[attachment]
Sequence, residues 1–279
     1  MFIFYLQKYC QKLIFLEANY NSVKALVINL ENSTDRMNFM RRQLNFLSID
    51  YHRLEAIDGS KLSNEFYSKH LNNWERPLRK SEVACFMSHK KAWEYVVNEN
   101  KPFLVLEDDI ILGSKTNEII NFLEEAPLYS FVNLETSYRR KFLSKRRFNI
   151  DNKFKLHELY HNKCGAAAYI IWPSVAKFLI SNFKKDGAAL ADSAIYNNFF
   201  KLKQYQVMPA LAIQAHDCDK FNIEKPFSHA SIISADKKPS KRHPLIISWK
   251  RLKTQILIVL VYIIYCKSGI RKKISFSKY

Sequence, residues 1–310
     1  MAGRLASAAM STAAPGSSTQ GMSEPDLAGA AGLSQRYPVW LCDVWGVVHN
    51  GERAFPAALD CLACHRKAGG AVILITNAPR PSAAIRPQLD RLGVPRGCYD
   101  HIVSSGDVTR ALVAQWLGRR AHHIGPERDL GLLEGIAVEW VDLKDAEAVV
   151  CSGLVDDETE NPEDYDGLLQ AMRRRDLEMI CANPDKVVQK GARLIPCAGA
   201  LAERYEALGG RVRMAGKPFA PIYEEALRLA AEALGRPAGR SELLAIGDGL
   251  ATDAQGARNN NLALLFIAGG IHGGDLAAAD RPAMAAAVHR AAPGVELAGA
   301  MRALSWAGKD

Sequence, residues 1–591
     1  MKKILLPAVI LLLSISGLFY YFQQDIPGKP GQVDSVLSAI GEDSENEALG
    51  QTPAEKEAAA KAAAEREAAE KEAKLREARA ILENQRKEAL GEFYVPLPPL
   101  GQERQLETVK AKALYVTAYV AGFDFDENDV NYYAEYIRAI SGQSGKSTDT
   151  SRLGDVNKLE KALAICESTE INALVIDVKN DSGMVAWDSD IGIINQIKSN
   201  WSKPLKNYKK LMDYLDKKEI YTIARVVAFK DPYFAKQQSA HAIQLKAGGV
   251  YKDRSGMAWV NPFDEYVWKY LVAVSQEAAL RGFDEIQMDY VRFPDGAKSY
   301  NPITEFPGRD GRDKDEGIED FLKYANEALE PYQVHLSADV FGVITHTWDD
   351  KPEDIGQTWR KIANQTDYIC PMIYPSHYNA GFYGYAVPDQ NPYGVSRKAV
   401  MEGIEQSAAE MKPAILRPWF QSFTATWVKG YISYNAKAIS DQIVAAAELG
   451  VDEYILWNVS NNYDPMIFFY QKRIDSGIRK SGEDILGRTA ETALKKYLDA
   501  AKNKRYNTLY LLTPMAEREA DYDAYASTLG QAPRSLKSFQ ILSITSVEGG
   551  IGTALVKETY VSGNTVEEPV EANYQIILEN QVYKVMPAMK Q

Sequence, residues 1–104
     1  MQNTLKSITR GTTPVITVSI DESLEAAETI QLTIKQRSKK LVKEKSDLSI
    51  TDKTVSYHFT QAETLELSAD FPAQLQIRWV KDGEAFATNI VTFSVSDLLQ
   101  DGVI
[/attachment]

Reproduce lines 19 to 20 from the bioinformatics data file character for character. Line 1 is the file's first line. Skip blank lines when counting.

   101  GQERQLETVK AKALYVTAYV AGFDFDENDV NYYAEYIRAI SGQSGKSTDT
   151  SRLGDVNKLE KALAICESTE INALVIDVKN DSGMVAWDSD IGIINQIKSN